From Alien to The Mummy and Justice League, many of 2017’s biggest films are being made in the UK. But can this production boom be sustained in the era of Trump and Brexit? And is it crowding out British indie films? Tim Dams reports

For a medium that is over 100 years old, cinema is in surprisingly fine form. Movie-going remains a hugely popular past time, despite growing competition from small screen drama, the proliferation of social media, and threats from online piracy.

2016 was a record year for the box office in North America, with earnings at £9bn ($11.4bn). Box office receipts in the UK stood at £1.2bn, the second highest figure on record. Globally, the 2016 box office is likely to just fall short of 2015’s record-breaking haul of £30.8bn ($38.9bn) amid a slight slowdown in China. But the slowdown needs to be put into perspective, coming as it does after years of explosive growth in the Middle Kingdom; in 2015 as many as 22 cinemas were opening in China every day.

As the box office has boomed, Hollywood studios have alighted on a compelling formula for success: play it safe, play it big and play it global. Eight out of the top ten US films last year were sequels, prequels or adaptations.

Looking ahead, there is optimism for 2017’s slate of movies, with many fitting the familiar formula such as new Star Wars and Transformers sequels, superhero tales Justice League and Wonder Woman, and reboots of Alien, Bladerunner, The Mummy (pictured above), Mary Poppins and Murder on the Orient Express.

There’s something else familiar about these movies too: they are all made in the UK.
Made in the UK
Over the past ten years, the UK has established itself as the pre-eminent global hub for Hollywood filmmaking. It has been dubbed a ‘golden decade’ for the industry.

The UK’s top four biggest box office films of 2016 – Rogue One: A Star Wars Story, Fantastic Beasts and Where to Find Them, Bridget Jones’s Baby and The Jungle Book – were all made in Britain. Spend on film production in the UK reached £1.6bn in 2016, the highest figure since BFI records began 20 years ago. The bulk of this figure was made up of 48 big budget inward investment films which spent £1.15bn, up 18% year on year.

 High profile features such as Steven Spielberg’s Ready Player One, Lasse Halstrom’s The Nutcracker and the Four Realms and Paddington 2 all started shooting in 2016.

 “It’s a remarkable time,” says Adrian Wootton, chief executive of the British Film Commission, the organisation responsible for helping to attract inward investment films to the UK. Wootton says the number of enquiries the agency receives from filmmakers wanting to shoot in the UK, particularly from North America, has been “phenomenal.”

The reason for the high number of US shoots in the UK is well documented: a strong talent base, a generous tax relief, good locations and world class facilities.

 This UK offer to US studios has only improved in recent years. The film tax credit was enhanced in 2015, increasing the rate of relief to 25% for all qualifying productions.

 “The policy is working well,” says Andrew Smith, director of strategy and communications at Pinewood Group. “The UK remains an attractive place for film and high end TV.”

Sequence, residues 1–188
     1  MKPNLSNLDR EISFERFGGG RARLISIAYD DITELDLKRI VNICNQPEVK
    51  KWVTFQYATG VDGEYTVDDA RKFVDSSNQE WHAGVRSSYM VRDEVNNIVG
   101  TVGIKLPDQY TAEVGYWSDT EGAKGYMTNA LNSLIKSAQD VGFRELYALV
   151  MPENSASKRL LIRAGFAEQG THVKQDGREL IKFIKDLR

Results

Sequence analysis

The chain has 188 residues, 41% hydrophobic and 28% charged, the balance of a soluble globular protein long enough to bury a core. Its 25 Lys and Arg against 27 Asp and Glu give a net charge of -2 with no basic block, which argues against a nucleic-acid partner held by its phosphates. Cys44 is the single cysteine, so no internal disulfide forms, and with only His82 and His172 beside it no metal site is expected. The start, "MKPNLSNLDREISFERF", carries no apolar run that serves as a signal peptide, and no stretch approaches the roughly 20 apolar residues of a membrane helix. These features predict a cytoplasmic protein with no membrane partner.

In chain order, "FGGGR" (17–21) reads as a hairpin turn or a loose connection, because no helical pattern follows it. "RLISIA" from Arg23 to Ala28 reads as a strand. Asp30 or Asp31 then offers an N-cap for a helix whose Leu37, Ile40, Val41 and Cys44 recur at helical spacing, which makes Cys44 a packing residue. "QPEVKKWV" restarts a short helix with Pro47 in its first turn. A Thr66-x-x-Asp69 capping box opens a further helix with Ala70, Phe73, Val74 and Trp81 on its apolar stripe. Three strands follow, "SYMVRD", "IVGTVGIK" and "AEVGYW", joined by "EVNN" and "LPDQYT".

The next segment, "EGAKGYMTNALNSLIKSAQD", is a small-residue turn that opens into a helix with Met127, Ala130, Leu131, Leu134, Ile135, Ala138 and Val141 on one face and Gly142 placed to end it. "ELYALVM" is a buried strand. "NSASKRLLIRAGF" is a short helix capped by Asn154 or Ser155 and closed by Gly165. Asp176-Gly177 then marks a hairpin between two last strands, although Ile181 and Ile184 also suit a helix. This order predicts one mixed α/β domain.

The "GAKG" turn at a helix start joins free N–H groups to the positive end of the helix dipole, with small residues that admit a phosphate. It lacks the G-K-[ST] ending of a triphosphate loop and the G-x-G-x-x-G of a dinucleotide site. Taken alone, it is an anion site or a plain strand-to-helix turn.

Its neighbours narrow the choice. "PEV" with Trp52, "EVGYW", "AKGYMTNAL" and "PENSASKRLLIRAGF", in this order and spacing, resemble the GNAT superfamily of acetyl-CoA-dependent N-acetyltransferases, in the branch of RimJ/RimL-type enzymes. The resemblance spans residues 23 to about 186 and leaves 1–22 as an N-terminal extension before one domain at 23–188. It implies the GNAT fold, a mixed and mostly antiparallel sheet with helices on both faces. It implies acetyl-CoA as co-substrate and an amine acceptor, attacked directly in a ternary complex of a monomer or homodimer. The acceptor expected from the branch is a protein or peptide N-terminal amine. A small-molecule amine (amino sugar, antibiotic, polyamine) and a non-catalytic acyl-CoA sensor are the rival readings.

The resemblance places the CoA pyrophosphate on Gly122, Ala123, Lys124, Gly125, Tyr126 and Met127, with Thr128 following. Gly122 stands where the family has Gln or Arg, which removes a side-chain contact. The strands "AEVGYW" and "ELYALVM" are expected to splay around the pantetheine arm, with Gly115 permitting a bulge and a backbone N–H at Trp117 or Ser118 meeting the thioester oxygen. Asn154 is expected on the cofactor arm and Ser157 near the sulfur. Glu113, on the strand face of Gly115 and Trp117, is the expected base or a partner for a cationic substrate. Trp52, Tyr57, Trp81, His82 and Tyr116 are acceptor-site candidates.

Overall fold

Wootton adds that the new government has ‘gone out of its way’ to reassure the US studios that the tax credits will remain a key part of UK industrial strategy. He notes that Culture Minister Matt Hancock visited Hollywood a few weeks ago to say as much, while the Chancellor Philip Hammond recently confirmed to US studios working in the UK that the government wanted to continue to support the tax regime.

The crew base has also enlarged. London is the third busiest city for film production in the world after Los Angeles and New York. But expertise has spread out from this heartland to the likes of Belfast, Bristol and Wales, which have hosted a string of big budget films and TV shows in recent years.

Amid strong demand, film facilities have also expanded – creating more space for Hollywood shoots. Pinewood is in the process of doubling in size; it added five new stages last July and is planning another five. Warner Bros-owned Leavesden Studios, meanwhile, plans to extend facilities at the 200-acre site by a quarter. North London’s Elstree Studios, home to Star Wars, is also building more stages and technical facilities. Belfast’s Titantic Quarter, home to Game of Thrones, has invested £14m to develop two more film studios. Screen Yorkshire has converted a former RAF base into the Church Fenton studio facility.

Meanwhile, the Mayor of London has announced a feasibility study for the largest new film studios in London, to be situated on 17-acres in Dagenham East.

And the UK’s talent base remains just as strong. This month’s Oscars will see British actors Dev Patel, Andrew Garfield and Naomie Harris up for Academy Awards. So too is musician Mica Levi, nominated for her score for Jackie; producer Iain Canning and the team at See-Saw for Lion, which is up for best picture; and production designers Stuart Craig and Anna Pinnock for their work on Fantastic Beasts. Jake Roberts competes for the editing prize with Hell or High Water, Joanna Johnston for costume design for Allied, and Sting is in the running for best song in Jim: The James Foley Story.